USDA grants awarded to Dr. Khaled Ahmed
Artificial Intelligence (AI) and computer vison (CV) have incredible potential in developing myriad of applications for various sectors such as agriculture. A motivation for the multidiscipline joint-research in AI and animal science is due to our passion to promote recent and future technologies for food and agriculture research and farming societies. Accordingly, we received awards for two multidiscipline projects with total $300K from USDA. This first project titled “Artificial Intelligence for Greener Livestock: Educational and Research”. It includes education and research approaches to explore the use of AI for greener livestock. The education part includes two activities to organize educational workshops to: 1) incorporate the artificial intelligence (AI) in the animal sciences for animal science students, and 2) disseminate the recent and future AI techniques in the animal sciences to the relevant societies. The multidiscipline research component addresses an animal science challenge; enteric methane emission in livestock. Methane is one of the greenhouse gases (GHG) that contributes to global warming. Enteric methane is the single largest source of direct GHG emissions in livestock sector, representing 2.5 percent of total US GHG. To promote greener livestock, addressing challenging tasks such as detecting, monitoring and recording enteric methane emissions from cows on large scale farms under different diets and farming conditions are essential. In this project, AI and CV will be used to promote greener livestock through improving methane production measurement and monitoring. Therefore, this project will 1) use gas infrared camera (IR) to collect two datasets of digital images of enteric methane emission under in vitro and in vivo conditions and 2) develop deep convolution neural networks (CNN) to generate deep methane measurements models (Deep3M). These models will be used to develop low-cost solutions that can measure enteric methane emission in real-time.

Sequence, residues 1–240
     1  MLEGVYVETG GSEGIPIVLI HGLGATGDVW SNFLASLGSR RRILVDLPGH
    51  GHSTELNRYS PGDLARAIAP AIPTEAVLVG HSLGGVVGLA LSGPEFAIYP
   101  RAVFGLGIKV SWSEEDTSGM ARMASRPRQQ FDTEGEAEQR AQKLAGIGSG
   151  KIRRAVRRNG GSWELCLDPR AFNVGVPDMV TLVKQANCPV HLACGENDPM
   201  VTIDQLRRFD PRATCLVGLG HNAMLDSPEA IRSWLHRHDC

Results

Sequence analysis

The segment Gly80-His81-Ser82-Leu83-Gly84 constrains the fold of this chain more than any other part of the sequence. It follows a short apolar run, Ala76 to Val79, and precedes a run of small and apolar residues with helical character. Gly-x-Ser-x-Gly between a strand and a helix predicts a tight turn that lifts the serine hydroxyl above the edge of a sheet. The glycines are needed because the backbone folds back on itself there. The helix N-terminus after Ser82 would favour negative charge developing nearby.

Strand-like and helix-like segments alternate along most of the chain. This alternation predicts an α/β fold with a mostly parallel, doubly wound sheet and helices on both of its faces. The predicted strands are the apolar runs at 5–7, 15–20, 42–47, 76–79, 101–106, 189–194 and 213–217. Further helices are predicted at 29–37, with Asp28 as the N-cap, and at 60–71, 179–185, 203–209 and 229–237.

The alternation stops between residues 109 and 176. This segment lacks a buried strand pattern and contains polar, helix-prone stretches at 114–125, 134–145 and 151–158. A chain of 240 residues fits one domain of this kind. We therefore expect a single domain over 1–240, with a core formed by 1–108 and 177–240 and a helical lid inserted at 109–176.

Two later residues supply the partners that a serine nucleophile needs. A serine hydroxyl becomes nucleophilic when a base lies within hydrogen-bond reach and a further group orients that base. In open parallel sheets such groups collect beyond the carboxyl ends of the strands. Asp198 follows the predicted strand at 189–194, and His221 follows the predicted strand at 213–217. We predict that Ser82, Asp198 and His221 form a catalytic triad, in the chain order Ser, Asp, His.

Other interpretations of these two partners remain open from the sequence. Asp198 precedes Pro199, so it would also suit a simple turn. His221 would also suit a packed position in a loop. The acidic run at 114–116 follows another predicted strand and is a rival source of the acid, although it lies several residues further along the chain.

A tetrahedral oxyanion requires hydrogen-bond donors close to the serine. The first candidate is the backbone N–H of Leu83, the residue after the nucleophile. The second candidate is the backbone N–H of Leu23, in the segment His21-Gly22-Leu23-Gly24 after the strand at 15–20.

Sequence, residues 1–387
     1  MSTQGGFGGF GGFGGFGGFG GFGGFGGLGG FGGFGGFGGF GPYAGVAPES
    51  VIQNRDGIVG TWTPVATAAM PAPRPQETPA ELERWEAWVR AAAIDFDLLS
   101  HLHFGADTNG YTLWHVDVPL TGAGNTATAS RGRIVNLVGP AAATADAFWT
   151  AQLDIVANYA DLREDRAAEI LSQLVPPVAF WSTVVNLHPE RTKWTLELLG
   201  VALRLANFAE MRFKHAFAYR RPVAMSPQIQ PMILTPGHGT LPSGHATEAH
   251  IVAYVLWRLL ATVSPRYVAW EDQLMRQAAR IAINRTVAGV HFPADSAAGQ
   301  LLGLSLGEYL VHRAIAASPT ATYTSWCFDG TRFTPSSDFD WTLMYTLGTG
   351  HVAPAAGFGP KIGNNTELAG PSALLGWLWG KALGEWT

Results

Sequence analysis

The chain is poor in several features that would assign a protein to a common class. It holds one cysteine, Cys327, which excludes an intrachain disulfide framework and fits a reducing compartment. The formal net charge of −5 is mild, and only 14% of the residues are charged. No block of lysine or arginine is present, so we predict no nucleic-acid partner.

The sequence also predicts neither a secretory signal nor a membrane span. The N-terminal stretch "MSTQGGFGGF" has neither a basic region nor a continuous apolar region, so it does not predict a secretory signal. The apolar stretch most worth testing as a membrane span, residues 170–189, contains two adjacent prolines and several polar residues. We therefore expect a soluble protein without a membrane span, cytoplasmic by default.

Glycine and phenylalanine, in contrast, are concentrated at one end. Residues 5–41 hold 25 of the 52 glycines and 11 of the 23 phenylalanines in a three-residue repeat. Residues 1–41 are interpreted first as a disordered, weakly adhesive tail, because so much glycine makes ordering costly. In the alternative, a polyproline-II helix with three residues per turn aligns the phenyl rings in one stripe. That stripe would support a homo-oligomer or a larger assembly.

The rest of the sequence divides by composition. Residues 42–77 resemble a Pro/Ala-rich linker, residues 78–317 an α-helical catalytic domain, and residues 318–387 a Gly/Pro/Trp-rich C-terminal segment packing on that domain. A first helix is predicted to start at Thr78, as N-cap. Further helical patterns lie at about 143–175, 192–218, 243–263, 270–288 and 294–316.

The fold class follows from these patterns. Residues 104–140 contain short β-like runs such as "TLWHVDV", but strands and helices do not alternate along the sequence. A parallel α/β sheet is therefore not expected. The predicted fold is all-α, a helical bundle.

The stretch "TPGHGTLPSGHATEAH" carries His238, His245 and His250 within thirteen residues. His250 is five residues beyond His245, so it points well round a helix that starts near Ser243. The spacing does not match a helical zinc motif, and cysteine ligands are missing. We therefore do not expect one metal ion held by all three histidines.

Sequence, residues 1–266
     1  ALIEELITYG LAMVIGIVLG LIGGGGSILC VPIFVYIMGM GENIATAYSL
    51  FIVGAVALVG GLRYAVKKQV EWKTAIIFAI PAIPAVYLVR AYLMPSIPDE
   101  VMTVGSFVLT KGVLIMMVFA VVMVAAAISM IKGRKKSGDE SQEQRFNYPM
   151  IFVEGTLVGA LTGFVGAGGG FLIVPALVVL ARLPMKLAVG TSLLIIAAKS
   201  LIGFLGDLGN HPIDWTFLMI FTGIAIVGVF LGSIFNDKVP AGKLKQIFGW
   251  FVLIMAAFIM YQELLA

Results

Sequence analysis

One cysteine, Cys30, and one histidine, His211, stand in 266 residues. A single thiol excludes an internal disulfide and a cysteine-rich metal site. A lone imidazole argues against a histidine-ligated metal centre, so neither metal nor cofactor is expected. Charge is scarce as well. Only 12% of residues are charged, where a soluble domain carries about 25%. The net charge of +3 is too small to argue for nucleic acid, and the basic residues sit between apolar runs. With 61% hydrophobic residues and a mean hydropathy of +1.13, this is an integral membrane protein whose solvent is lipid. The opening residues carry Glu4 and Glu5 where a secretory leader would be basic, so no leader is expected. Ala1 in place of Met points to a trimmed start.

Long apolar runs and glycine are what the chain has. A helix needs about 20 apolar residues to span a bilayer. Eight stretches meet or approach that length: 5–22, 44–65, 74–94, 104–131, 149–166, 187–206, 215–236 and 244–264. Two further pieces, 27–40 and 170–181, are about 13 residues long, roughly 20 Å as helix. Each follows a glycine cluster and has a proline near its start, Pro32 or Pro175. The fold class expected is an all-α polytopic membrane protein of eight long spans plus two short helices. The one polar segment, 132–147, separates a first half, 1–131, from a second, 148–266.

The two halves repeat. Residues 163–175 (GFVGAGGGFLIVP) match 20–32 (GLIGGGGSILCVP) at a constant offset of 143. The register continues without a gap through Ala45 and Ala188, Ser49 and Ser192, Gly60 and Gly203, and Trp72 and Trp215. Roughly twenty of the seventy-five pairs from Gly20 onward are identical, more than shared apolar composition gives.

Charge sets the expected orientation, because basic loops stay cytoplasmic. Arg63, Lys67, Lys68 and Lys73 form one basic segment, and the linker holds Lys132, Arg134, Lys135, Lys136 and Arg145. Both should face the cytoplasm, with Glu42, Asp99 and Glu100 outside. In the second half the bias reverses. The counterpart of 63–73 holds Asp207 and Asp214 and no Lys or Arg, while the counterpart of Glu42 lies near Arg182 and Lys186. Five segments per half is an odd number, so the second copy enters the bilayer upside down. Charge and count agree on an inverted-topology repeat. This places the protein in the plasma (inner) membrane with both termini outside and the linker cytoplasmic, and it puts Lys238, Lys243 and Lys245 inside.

The second project titled “Detecting Subacute Ruminal Acidosis Using A Real-Time Deep Learning Algorithm”. It addresses an animal science challenge; Sub-acute ruminal acidosis (SARA). SARA is a common metabolic disease in an intensive cattle farm production system. Cattle with SARA experience significant drop in their performance (e.g. feed intake, milk production and weight gain), health (laminitis, organs inflammation, and tissues damages) and welfare. It has been estimated that the annual losses in the U.S. dairy industry due to SARA is $1 Billion. The early detection of SARA is important as it would allow cattle and dairy producers to correct the cause(s) for this metabolic disease (e.g. ration composition, soring, slug feedings, etc.) and therefore minimize the disease impact on animals. The current techniques used to early detect SARA are traditional and most of them have several limitations (e.g. accuracy and applicability) that limit their use under a traditional production system. In this project, AI and CV will be used to help in developing models that are capable to early detect SARA using the gasses composition naturally emitted by ruminant animals. Therefore, this project will 1) use gas infrared cameras (IR) to collect datasets of digital images of emitted gasses (CO2 and CH4) under different rumen pH conditions using an in vitro system as a model for ruminant animals, and 2) develop deep convolution neural networks (CNN) to generate deep SARA detection models (saraDeepG2M). These models will be used to develop low-cost solutions that can early detect SARA in real-time. The education part includes two activities to organize educational workshops to: 1) incorporate the AI in the animal sciences for animal science students, and 2) disseminate the recent and future AI techniques in the animal sciences to the relevant societies.
The expected results from these projects will provide practical solutions for animal nutrition research that are time effective, low cost, more precise and environmentally friendly.